The Migration of the Prophet – The start of the Calendar of Islam
Two views have been given regarding this matter: The famous historians believe that the decision to determine the migration as the official beginning for the calendar of Islam was taken place in the time of the 2nd caliphs rule, and was carried out by the suggestion of Ali. This happened in the 16th or 17th year AH. Due to evidence however – such as the signature of the treaty of the Prophet with the Muqna Jews – it can be concluded that this start date took place in the time of the Prophet and was by his decision, and after it was fading out in the time of the 2nd caliph, it was revived and became prevalent again.
The Beginning of The Calendar before The Migration
The Age of Ignorance
In the Age of Ignorance, because the rites of Hajj were carried out once a year, and because once complete the month of Muharram would be on the verge of beginning, the month of Muharram was the first month of the Arab Calendar.  With regards to the yearly calculations however, the Arabs did not have fixed and structured dates, and at different periods of time they would consider different dates for the origin of their calendar. This start date would mostly be based on the day a famous Arab was murdered, or based on when a bloody war took place between two tribes, or based on natural disasters.  The attack of Abrahas army against the Ka‘ba – which was destroyed due to the miracle of Allah – overshadowed all of the events before it, and for a long time was considered the beginning date for their calendar. The date of the birth of the Prophet and the birth of Ali have been recorded through this important event. In addition, another event that took place in the age of ignorance which was determined to be the start of the Arab calendar was the rebuilding of the Ka‘ba (5 years before the appointment of the Prophet to Prophethood). 
The Era of The Prophets Appointment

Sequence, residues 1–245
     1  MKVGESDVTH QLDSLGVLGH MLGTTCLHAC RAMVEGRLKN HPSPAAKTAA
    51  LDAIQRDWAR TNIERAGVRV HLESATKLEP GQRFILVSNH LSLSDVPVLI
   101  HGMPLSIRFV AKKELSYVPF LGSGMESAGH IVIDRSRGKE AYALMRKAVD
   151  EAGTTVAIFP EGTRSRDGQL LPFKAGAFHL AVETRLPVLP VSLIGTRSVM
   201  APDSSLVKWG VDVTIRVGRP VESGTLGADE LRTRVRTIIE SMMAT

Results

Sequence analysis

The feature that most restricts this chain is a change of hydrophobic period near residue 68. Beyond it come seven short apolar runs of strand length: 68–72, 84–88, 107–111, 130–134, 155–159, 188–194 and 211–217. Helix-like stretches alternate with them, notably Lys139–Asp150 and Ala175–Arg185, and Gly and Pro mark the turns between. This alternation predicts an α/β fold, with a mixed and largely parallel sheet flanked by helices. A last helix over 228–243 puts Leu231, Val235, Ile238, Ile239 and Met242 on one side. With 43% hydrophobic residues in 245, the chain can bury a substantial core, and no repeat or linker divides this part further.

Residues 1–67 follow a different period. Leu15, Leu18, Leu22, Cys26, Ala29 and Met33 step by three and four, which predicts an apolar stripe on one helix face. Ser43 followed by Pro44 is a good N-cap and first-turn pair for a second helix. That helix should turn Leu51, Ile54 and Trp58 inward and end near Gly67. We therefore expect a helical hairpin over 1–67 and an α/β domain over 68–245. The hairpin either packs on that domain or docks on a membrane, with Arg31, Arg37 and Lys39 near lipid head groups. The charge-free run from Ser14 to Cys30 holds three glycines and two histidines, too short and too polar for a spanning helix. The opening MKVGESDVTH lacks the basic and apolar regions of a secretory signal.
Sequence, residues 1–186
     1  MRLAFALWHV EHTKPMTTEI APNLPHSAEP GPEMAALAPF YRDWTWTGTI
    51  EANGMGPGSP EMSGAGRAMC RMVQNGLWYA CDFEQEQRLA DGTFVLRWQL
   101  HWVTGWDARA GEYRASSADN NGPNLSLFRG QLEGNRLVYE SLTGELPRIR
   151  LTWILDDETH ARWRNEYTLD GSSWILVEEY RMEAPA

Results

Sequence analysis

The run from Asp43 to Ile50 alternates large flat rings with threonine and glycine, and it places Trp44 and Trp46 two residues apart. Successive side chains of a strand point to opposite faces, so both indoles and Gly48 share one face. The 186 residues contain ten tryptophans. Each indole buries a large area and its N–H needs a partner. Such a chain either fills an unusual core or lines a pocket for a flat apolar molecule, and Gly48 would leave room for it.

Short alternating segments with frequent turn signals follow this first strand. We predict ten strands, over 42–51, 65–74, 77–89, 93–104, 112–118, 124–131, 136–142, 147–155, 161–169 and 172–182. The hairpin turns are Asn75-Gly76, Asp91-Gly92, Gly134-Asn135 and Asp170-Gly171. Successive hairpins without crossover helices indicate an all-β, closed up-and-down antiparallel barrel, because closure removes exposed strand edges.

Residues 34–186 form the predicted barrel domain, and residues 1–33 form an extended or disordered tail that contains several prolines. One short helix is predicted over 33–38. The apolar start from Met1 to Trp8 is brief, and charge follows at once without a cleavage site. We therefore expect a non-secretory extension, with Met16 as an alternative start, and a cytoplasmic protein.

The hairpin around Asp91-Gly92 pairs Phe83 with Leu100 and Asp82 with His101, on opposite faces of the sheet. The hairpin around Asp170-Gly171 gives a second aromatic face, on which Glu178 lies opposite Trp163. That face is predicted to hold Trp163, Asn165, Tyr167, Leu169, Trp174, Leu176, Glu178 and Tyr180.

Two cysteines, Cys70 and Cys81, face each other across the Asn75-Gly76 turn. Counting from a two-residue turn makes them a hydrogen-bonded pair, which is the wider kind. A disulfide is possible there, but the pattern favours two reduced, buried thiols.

In the time following the Prophets Appointment, the title by which the start of the calendar was known was called “Going to the house of Arqam”. For example, it is mentioned in history that ‘Ubaydah ibn Harith became a Muslim before the “Going to the house of Arqam”. 
The Appointing of The Migration as The Beginning of The Calendar
The Importance of the Migration
From the perspective that the migration of the Prophet was considered a pre-requisite for forming an Islamic government and for Islam prevailing over the East and the West, it was an important incident. If this major event did not take place, Islam would not have been able to grow and spread, and it would have been finished in Makka.  In other words, whilst Islam was confined to Makka, it was not considered a universal religion, and it wouldn’t have been considered more than a local religion. With the occurrence of the migration however, it was possible for Islam to be spread and a situation took place such that its result was a vast number of people believing in the Oneness of Allah and in the Prophethood of Muhammad. Naturally an incident with this level of importance could become the start of the Calendar of the Muslims, especially in a society in which for centuries the recording of history was not considered important - due to cultural futility and being far from knowledge - and if a date was recorded, it would be based on a war or natural disasters, whilst the migration of the Prophet of Islam was considered a Godly and civil event.
Differences of Opinion on Who Established the Calendar